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Retail rout deepens as UK, Germany may shed thousands of jobs
[BERLIN] Europe's retail crisis deepened as companies in the UK and Germany are set to cut thousands of jobs as online shopping accelerates the erosion of sales from traditional bricks-and-mortar stores.
Tesco, the biggest UK grocer, will eliminate about 15,000 positions and close meat, fish and delicatessen counters, the Mail on Sunday reported, citing unidentified industry sources. Galeria Kaufhof, which has department stores in cities including Berlin and Munich, will cut about 2,600 jobs, it said Friday -- the same day that German fashion chain Gerry Weber International AG began insolvency proceedings. They join a growing list of European retailers that have collapsed amid ever tougher online competition.
The shift to internet shopping, slowing economic growth and insecurity in the UK over the country's exit from the European Union are eating into traditional retail sales.
In the UK, there is concern over the future of retailers such as Debenhams Plc, which is in talks with lenders as it faces at least 300 million pounds of debt coming due starting next year. The UK's shopping districts have already been decimated by a series of collapses, including the company behind cake chain Patisserie Valerie, which is seeking a buyer. Sports Direct International Plc Chief Executive Officer Mike Ashley rescued department-store chain House of Fraser last year.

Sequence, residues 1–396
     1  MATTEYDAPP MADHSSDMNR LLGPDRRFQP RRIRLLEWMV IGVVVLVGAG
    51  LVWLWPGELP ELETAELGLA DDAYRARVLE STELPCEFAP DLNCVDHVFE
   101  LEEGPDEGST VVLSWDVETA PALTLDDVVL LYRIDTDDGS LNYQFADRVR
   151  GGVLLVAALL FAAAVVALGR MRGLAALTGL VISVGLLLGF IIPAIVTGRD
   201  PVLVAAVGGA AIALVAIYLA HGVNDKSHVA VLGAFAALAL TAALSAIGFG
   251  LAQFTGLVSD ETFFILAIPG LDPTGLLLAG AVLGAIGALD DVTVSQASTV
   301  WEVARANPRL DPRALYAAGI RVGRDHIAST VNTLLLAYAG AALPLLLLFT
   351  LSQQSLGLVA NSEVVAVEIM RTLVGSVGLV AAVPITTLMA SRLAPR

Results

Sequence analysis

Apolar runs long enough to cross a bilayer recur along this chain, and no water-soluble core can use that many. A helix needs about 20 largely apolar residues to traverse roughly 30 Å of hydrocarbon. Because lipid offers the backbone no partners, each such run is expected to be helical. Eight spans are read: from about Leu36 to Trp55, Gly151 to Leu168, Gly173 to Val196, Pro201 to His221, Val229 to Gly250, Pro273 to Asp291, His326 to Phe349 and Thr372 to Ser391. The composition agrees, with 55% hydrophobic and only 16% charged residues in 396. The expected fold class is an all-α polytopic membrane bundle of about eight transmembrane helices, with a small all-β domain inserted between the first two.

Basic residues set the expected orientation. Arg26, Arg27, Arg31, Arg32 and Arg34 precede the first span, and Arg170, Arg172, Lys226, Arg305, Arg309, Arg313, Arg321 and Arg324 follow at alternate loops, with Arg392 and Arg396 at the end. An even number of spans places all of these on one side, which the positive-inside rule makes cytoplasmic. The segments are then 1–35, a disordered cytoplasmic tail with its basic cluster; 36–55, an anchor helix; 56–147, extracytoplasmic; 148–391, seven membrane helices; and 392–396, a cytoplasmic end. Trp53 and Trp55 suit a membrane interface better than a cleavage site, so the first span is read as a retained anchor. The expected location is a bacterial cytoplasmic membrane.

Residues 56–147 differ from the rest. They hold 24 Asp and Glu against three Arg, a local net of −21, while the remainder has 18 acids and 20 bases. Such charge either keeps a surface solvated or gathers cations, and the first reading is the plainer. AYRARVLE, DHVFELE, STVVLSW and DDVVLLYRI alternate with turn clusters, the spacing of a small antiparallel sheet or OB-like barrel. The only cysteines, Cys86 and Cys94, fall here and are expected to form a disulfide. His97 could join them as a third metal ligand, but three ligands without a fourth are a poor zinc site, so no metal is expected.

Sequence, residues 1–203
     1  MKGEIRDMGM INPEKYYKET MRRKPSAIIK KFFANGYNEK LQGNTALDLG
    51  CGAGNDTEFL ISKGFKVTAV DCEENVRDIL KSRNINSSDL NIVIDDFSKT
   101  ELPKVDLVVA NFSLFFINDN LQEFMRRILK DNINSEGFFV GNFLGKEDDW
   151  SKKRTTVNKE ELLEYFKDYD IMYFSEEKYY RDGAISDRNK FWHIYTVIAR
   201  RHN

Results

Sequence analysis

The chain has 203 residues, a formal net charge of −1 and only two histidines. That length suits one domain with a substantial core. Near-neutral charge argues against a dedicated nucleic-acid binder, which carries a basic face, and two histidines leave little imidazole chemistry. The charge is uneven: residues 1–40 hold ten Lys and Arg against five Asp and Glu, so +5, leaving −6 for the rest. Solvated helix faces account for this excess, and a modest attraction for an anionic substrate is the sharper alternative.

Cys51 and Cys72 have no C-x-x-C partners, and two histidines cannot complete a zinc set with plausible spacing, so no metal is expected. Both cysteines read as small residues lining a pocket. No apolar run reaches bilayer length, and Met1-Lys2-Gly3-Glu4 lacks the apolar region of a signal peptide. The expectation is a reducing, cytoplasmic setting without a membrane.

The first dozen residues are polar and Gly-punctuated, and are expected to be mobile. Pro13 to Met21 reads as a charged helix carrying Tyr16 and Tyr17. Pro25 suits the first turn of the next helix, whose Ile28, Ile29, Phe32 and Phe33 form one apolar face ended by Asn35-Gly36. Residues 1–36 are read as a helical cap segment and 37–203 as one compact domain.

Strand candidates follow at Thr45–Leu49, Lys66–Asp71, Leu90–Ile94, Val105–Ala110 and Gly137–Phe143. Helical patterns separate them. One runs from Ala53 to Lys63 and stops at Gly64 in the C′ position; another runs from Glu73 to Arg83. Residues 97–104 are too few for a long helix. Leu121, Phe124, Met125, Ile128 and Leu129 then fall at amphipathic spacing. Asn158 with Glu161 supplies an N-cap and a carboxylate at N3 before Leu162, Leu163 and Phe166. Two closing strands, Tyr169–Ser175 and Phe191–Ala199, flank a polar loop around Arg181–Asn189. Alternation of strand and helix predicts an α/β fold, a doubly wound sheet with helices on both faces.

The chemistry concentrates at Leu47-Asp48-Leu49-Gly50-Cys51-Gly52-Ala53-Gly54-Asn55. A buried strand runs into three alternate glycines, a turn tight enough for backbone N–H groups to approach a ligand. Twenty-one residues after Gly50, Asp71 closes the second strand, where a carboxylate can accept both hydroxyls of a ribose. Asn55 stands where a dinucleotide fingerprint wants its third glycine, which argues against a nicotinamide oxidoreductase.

Tesco's job cuts will probably affect the majority of its 732 larger stores, according to the Mail on Sunday. The retailer will also overhaul in-store bakeries, and replace staff canteens with vending machines, the newspaper said. Tesco declined to comment on the size of cuts outlined in the Mail on Sunday report.
In Germany, local politicians have warned that inner cities may turn into wastelands if the bricks-and-mortar onslaught continues. Galeria Kaufhof needs comprehensive restructuring to cut costs, parent company Karstadt Warenhaus said Friday. Gerry Weber, which operates more than 1,200 stores in 60 countries, had reported its first full-year loss before interest and taxes in almost three decades in October.